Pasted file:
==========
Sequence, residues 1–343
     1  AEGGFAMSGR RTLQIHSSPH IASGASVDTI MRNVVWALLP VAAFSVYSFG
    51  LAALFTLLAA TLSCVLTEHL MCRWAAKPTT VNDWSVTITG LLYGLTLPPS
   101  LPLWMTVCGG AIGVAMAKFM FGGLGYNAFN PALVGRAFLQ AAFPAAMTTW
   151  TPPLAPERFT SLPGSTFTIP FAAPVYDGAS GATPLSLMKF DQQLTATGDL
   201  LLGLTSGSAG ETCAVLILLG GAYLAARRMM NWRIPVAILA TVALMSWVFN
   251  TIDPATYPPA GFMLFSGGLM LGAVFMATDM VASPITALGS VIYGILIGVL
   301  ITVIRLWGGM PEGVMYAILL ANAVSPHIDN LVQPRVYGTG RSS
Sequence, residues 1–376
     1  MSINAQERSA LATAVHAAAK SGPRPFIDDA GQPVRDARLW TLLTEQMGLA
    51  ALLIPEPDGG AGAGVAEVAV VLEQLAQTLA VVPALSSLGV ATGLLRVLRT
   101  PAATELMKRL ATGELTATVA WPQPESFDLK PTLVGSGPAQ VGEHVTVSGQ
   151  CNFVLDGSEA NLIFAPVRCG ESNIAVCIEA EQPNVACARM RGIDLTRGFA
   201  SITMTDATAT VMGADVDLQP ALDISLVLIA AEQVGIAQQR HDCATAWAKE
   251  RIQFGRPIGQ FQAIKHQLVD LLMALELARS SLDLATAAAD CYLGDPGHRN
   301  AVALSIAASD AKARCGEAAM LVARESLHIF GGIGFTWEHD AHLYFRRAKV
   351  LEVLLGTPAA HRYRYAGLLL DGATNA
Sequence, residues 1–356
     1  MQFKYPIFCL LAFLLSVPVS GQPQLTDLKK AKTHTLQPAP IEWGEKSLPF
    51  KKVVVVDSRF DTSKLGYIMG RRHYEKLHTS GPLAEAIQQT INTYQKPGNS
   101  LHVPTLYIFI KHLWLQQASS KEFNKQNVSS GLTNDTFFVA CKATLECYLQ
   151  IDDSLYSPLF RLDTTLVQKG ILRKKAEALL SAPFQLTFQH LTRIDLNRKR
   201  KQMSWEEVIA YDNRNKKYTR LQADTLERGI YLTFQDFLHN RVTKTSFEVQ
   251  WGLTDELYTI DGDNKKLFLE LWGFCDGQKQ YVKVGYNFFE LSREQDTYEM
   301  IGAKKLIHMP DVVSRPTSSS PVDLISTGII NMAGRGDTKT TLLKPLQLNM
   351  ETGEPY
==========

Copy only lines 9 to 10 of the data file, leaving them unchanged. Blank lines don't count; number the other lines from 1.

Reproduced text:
Sequence, residues 1–376
     1  MSINAQERSA LATAVHAAAK SGPRPFIDDA GQPVRDARLW TLLTEQMGLA